Under Strachan’s stewardship, King’s College was a religious institution closely aligned with the Church of England and the British colonial elite, known as the Family Compact. Reformist politicians opposed the clergy’s control over colonial institutions and fought to have the college secularized. In 1849, after a lengthy and heated debate, the newly elected responsible government of the Province of Canada voted to rename King’s College as the University of Toronto and severed the school’s ties with the church. Having anticipated this decision, the enraged Strachan had resigned a year earlier to open Trinity College as a private Anglican seminary. University College was created as the nondenominational teaching branch of the University of Toronto. During the American Civil War the threat of Union blockade on British North America prompted the creation of the University Rifle Corps which saw battle in resisting the Fenian raids on the Niagara border in 1866. The Corps was part of the Reserve Militia lead by Professor Henry Croft.

Established in 1878, the School of Practical Science was the precursor to the Faculty of Applied Science and Engineering which has been nicknamed Skule since its earliest days. While the Faculty of Medicine opened in 1843 medical teaching was conducted by proprietary schools from 1853 until 1887 when the faculty absorbed the Toronto School of Medicine. Meanwhile the university continued to set examinations and confer medical degrees. The university opened the Faculty of Law in 1887, followed by the Faculty of Dentistry in 1888 when the Royal College of Dental Surgeons became an affiliate. Women were first admitted to the university in 1884.

A devastating fire in 1890 gutted the interior of University College and destroyed 33,000 volumes from the library but the university restored the building and replenished its library within two years. Over the next two decades a collegiate system took shape as the university arranged federation with several ecclesiastical colleges including Strachan’s Trinity College in 1904. The university operated the Royal Conservatory of Music from 1896 to 1991 and the Royal Ontario Museum from 1912 to 1968; both still retain close ties with the university as independent institutions. The University of Toronto Press was founded in 1901 as Canada’s first academic publishing house. The Faculty of Forestry founded in 1907 with Bernhard Fernow as dean was Canada’s first university faculty devoted to forest science. In 1910, the Faculty of Education opened its laboratory school, the University of Toronto Schools.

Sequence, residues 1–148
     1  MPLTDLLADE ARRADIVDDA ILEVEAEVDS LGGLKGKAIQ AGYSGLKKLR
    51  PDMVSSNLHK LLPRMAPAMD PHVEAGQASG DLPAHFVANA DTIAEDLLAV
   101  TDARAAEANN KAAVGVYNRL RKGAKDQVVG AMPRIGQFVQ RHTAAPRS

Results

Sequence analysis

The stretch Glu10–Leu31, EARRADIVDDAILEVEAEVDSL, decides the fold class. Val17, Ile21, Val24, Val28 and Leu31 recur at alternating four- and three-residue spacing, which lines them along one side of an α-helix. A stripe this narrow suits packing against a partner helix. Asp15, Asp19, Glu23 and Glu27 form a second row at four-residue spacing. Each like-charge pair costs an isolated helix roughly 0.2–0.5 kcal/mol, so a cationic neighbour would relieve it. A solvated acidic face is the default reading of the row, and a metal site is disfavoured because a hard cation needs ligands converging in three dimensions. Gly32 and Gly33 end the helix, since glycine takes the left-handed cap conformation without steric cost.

World wars and post-war years

The First and Second World Wars curtailed some university activities as undergraduate and graduate men eagerly enlisted. Intercollegiate athletic competitions and the Hart House Debates were suspended although exhibition and interfaculty games were still held. The David Dunlap Observatory in Richmond Hill opened in 1935 followed by the University of Toronto Institute for Aerospace Studies in 1949. The university opened satellite campuses in Scarborough in 1964 and in Mississauga in 1967. The university’s former affiliated schools at the Ontario Agricultural College and Glendon Hall became fully independent of the University of Toronto and became part of University of Guelph (CA) in 1964 and York University (CA) in 1965 respectively. Beginning in the 1980s reductions in government funding prompted more rigorous fundraising efforts.

Since 2000

In 2000 Kin-Yip Chun was reinstated as a professor of the university after he launched an unsuccessful lawsuit against the university alleging racial discrimination. In 2017 a human rights application was filed against the University by one of its students for allegedly delaying the investigation of sexual assault and being dismissive of their concerns. In 2018 the university cleared one of its professors of allegations of discrimination and antisemitism in an internal investigation after a complaint was filed by one of its students.

The University of Toronto was the first Canadian university to amass a financial endowment greater than c. $1 billion in 2007. On September 24, 2020 the university announced a $250 million gift to the Faculty of Medicine from businessman and philanthropist James C. Temerty- the largest single philanthropic donation in Canadian history. This broke the previous record for the school set in 2019 when Gerry Schwartz and Heather Reisman jointly donated $100 million for the creation of a 750,000-square foot innovation and artificial intelligence centre.